Objective: Electroacupuncture (EA) is effective in treating visceral pain associated with functional dyspepsia (FD). The aim of this study was to explore the effect of chronic EA (CEA) on gastric hypersensitivity and the involvement of sympathetic nervous system in a rodent model of FD. Materials and Methods: Gastric hypersensitivity in adulthood was induced by iodoacetamide (IA) in neonatal rats. The IA-treated rats were randomized to receive no treatment (control), sham-CEA, CEA, or adrenergic antagonists, for one week. Gastric sensitivity to graded gastric distensions was then assessed by electromyogram (EMG) analysis. Autonomic functions were assessed from the spectral analysis of heart rate variability (HRV) to derive the low-frequency (LF, sympathetic activity) and high-frequency (HF, mainly vagal activity) components expressed as percentage of total spectral power. Blood was collected for the measurement of corticosterone (CORT) and norepinephrine (NE). Results: 1) CEA, but not sham-CEA, reduced the EMG response to graded gastric distension in IA-treated control rats at 40 mmHg (128 ± 6% vs. 171 ± 15%, p = 0.009), 60 mmHg (204 ± 14% vs. 271 ± 24%, p = 0.010) and 80 mmHg (269 ± 19% vs. 364 ± 33%, p = 0.025), respectively. 2) CEA, but not sham CEA, increased HF component (0.61 ± 0.02 vs. 0.46 ± 0.04 in IA-treated rats, p = 0.003) and decreased LF component (0.39 ± 0.02 vs. 0.54 ± 0.04, p = 0.003). 3) Adrenergic antagonists reduced the EMG response to graded gastric distension. 4) CEA significantly reduced plasma CORT and NE in IA-treated rats. Conclusions: EA ameliorates gastric hypersensitivity in IA-treated rats and the effect may be related to the improved sympathovagal balance and the decrease of stress hormones.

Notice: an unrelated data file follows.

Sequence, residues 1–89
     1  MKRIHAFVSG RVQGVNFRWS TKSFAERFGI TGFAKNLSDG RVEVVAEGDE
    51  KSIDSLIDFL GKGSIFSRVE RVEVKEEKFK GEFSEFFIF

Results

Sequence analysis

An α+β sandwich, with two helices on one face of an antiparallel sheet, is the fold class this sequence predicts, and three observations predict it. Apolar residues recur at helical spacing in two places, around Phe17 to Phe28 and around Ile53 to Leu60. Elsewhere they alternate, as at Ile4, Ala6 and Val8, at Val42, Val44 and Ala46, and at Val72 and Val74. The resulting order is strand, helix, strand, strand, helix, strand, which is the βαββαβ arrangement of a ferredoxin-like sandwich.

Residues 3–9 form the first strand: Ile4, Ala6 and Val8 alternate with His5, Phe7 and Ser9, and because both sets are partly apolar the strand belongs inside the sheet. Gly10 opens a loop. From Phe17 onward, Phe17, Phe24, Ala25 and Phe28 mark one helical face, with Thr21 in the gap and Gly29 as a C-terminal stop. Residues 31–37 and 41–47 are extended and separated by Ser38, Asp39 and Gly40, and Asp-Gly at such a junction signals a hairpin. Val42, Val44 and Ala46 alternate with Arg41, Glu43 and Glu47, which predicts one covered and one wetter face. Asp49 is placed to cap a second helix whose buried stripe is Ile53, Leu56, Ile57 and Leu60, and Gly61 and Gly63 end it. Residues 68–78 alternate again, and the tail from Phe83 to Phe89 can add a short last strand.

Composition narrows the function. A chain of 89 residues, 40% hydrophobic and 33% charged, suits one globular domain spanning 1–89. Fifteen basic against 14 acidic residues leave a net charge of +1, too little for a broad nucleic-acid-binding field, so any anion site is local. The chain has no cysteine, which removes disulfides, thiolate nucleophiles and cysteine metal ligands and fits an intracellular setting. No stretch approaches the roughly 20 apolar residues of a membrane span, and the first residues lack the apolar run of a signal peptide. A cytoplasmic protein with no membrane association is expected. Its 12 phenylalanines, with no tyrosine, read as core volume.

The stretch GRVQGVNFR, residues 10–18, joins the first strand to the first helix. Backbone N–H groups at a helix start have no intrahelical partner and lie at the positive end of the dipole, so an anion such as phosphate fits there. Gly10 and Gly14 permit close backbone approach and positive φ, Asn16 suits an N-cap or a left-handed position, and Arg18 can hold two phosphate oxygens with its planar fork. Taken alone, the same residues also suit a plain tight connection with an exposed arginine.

- functional dyspepsia
- gastric hypersensitivity
ASJC Scopus subject areas
- Clinical Neurology
- Anesthesiology and Pain Medicine